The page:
After five months of forced break, Joshna seeks access to squash court

SRFI secretary Cyrus Poncha said chances of resumption of training at the Indian Squash Academy in Chennai before September were also very low.

Joshna Chinappa is keen to get back on court at the Indian Squash Academy in Chennai.   -  RITU RAJ KONWAR (File Photo)

India’s highest-ranked squash player Joshna Chinappa is hoping to get access to courts sooner than later after almost five months away from the game even though the sport’s national body has ruled out any activity till September due to the COVID-19 pandemic.

Last month, Squash Racquet Federation of India (SRFI) secretary and former national coach Cyrus Poncha had told PTI that he does not see any tournament being conducted before September.

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According to him, chances of resumption of training at the Indian Squash Academy in Chennai were also very low.

Joshna is, however, keen to get back to the courts. “It is not easy, not being able to get back on court. It is soon going to be five months since I have not been on a court. I personally love training at the academy (ISA). Just hope that as top athletes, we do get to train before September.

“It is important because we are preparing for something really big eventually (2022 CWG and Asian Games). It is important to be able to stay connected to the game. Hope we are allowed to play in a controlled atmosphere, an hour a day or something like that,” said Joshna, who broke back into the world’s top-10 earlier this month.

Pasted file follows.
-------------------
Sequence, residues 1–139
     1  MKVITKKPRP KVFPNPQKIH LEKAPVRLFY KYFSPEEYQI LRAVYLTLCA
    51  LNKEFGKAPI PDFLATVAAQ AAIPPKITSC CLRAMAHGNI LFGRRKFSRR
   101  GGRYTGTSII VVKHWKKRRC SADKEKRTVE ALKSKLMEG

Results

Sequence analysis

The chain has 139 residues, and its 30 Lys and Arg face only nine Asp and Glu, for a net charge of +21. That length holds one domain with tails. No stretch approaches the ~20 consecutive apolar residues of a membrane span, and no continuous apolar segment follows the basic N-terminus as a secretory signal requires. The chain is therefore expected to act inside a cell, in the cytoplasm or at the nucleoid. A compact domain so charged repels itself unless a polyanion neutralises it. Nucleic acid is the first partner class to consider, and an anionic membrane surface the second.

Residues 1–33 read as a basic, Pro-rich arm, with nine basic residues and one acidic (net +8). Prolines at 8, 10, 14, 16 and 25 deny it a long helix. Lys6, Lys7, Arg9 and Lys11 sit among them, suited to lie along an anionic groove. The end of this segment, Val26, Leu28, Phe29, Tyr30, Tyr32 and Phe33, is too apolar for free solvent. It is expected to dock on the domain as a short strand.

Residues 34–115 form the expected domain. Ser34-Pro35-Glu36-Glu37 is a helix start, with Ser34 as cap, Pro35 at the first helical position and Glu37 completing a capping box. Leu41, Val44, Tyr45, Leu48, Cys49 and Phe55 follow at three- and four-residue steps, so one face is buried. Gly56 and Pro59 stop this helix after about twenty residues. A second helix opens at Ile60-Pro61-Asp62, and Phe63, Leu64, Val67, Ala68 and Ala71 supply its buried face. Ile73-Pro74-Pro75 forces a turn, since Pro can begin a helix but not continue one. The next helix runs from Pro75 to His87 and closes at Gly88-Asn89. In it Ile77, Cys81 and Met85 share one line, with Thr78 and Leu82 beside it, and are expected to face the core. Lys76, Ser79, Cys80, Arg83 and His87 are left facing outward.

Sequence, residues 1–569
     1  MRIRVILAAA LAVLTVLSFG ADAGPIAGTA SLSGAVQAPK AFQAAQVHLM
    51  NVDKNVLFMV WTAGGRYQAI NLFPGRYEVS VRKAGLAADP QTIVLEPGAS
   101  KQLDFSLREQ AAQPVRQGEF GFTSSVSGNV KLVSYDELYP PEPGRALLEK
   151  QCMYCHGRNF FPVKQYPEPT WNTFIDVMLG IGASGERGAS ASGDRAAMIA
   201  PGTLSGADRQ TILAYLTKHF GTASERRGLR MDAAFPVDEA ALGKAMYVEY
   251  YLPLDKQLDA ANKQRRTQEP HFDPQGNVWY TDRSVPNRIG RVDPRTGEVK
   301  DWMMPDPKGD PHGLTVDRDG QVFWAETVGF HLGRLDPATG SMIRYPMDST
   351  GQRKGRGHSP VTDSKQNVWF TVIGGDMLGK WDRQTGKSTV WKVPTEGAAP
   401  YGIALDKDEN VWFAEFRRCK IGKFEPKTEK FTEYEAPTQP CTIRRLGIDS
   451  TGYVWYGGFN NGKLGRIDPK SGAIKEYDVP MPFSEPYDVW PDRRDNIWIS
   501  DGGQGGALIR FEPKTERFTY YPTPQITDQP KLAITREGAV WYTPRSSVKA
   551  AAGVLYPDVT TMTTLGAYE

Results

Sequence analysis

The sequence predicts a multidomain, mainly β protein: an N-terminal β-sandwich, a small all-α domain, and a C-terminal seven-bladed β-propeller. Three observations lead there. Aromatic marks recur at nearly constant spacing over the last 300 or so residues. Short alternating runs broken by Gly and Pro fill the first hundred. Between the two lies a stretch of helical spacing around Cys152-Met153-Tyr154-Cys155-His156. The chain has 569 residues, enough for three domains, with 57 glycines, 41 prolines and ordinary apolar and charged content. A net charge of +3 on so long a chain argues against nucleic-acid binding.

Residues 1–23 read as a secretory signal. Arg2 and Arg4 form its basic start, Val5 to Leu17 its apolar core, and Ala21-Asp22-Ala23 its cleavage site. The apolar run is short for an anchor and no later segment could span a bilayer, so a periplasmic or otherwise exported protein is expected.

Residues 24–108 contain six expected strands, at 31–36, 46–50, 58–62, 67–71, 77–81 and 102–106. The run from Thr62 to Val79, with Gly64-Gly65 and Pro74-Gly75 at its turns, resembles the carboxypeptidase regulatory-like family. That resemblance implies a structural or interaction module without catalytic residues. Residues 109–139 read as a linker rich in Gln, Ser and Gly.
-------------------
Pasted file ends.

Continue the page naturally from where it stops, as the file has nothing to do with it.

The coronavirus case count continues to rise rapidly in the country but a lot of top athletes have resumed training under strict safety protocols set by the Sports Authority of India. Mumbai, Delhi and Chennai have been badly hit by the virus and all three are major squash centres.

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Following the central government guidelines on resumption of training, the Tamil Nadu government too allowed the reopening of stadiums and sports complexes without spectators. However, most sporting facilities in Chennai, including the ISA, remain shut.

Joshna, who entered the world’s top 10 for the first time in 2016, is back in the group following the unexpected retirement of World No. 1 Raneem El Welily last month.

“It is my hardwork and a bit of luck that has got me here but I want to prove it on court, beating the top players consistently,” said the 33-year-old, who has been on a strict fitness regime since the began lockdown in March.